By Gordon Williams
The images on television are horrific — pictures of wildfires burning out of control in California, Oregon and Eastern Washington. Since wildfire season is likely to last until the soaking rains of autumn, it’s essential you know how to stay safe when fires are burning close to you.
Fortunately, there is lots of material on what to do before, during and after a wildfire. Do a search for “wildfire safety” and you will find stay-safe advice from the American Red Cross, the Department of Homeland Security and the National Fire Protection Association.
Since September is National Preparedness Month — with the emphasis on preparing for disaster — it’s the perfect time for refreshing your wildfire defense plans.
To begin with, stay alert to any wildfire danger in your area. Since fires can break out anywhere, at any time, you should know of dangerous conditions near you. Your local weather forecast will include any red flag warnings — dry, windy conditions that indicate a high fire risk.
A good all-purpose site is the Northwest Interagency Coordination Center, which is made up of all the agencies — federal, state and local — that monitor wildfire conditions in the Northwest. The site lists which locations are under red flag warnings. It updates all current fires in the region and discusses regional fire conditions.
If your community or county has a wildfire warning system, sign up for it. Think about all the places where you might find shelter in case of fire. That might be a Red Cross or government shelter or the home of a friend or relative who lives away from the fire danger. You can find the location of Red Cross shelters here. Test-drive several ways of leaving your neighborhood, since a fast-spreading fire could block roads.
Next, you should know what to do when there is fire nearby that puts you and your home at risk.
Remove dead leaves, pine needles and other flammable debris from your roof and gutters. Flying embers from a distant fire could ignite the debris and set your home ablaze. Move anything flammable — garden debris, trash, firewood, building materials such as paint — at least thirty feet from your home. Have hoses long enough to reach every part of your property.
Wildfire smoke can be toxic. Have emergency supplies on hand, including N95 respirator masks, to protect the family from smoke. Have a room that can be closed off from outside air. Use a portable air cleaner to keep indoor pollution down. Get inside at the first signs that smoke is causing you breathing problems. When you are inside, don’t burn candles or use the stove — to keep from adding pollutants to the air.
Assemble all the medications family members need in case you must evacuate in a hurry. Put all important documents in a place that is safe and fireproof. Check your emergency kit and replenish any items missing or in short supply.
Make sure your planning includes caring for pets in a fire. Covid19 protocols mean that not every shelter will be able to accommodate pets. When fire threatens, keep all pets in carriers or one location so you don’t need to search for them if you are ordered to get out.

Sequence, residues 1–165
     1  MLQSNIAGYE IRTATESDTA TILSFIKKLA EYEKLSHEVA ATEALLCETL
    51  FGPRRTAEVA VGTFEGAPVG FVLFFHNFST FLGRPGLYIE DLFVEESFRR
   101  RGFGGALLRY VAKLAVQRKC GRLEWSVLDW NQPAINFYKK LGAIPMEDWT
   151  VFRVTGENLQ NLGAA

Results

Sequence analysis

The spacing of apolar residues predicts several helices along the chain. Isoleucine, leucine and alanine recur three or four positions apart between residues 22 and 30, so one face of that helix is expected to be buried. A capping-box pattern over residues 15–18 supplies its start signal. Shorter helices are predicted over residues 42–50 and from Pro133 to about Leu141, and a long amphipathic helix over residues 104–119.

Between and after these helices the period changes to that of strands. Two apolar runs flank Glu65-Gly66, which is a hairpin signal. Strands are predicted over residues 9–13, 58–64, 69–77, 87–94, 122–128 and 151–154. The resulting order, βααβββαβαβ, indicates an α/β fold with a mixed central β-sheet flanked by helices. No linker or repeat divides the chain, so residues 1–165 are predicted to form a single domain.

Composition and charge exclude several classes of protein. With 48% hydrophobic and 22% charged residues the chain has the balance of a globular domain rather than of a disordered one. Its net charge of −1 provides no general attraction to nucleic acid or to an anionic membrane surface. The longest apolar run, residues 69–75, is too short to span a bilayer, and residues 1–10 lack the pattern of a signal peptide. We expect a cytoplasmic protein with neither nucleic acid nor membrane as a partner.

Wildfires can move fast, so you may have to leave your home whether you want to or not. Listen to local radio and TV stations for the latest emergency information, including any evacuation orders and recommended evacuation routes. Be prepared to evacuate at a moment’s notice. Back your car into the garage or park it outside in the direction of the evacuation route.
If you find yourself trapped and unable to evacuate, call 9-1-1 for assistance — but realize that rescue crews may not be able to reach you. Turn on all lights so rescuers can see your house. Make sure your house number is visible from the street, so responders know how to find you.
The Red Cross offers specific advice on how to protect yourself if fire catches you outside. If you can’t outrun the fire, crouch in a pond or swimming pool. If there is no water, head for a clearing or a rocky area, lie face down flat on the ground and cover yourself with soil. Breathe the air close to the ground to avoid scorching your lungs. Heat rises, so temperatures will be higher a few feet up. Don’t put anything wet over your nose and mouth. Moist air can do more damage to your lungs than dry air.
Don’t return home after a fire until authorities tell you it is safe to return. Once you do return, don’t drink or prepare food with water that might be contaminated. Dispose of any food exposed to heat or smoke. Check the roof for lingering embers that could flare up again. Watch out for and avoid downed power lines. Look for trees that might be left unstable by the fire. Be careful of stepping on hot ash or smoldering debris. Keep pets away from ground that may be too hot for them to walk on.
Wet down debris to minimize breathing in particles from the fire. Wear a respirator when you are outside to keep dangerous particles from your lungs. Finally, photograph all fire damage to your property. It will help when you file a claim with your insurance company.